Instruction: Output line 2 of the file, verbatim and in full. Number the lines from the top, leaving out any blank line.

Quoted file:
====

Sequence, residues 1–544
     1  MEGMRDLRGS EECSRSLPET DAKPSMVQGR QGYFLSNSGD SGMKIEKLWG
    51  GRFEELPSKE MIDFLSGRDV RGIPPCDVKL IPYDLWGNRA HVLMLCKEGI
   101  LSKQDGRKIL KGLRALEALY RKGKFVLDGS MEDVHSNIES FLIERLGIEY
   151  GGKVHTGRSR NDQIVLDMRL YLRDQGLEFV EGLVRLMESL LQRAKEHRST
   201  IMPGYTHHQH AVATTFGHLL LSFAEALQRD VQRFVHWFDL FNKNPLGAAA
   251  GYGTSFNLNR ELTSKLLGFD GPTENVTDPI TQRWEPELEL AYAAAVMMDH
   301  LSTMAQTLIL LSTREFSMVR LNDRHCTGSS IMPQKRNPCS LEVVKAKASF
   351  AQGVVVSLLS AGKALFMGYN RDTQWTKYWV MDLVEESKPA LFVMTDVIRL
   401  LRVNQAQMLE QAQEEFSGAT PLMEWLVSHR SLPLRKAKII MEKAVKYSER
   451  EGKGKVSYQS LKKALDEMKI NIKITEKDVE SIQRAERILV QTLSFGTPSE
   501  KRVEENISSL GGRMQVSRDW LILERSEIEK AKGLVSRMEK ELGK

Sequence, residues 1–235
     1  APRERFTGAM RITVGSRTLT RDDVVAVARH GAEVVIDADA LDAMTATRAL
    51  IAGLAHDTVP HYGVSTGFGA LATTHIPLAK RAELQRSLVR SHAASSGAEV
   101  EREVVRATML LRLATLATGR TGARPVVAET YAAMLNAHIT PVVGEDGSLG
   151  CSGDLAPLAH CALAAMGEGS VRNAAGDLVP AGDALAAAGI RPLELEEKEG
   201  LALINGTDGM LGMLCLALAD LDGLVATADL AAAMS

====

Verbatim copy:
     1  MEGMRDLRGS EECSRSLPET DAKPSMVQGR QGYFLSNSGD SGMKIEKLWG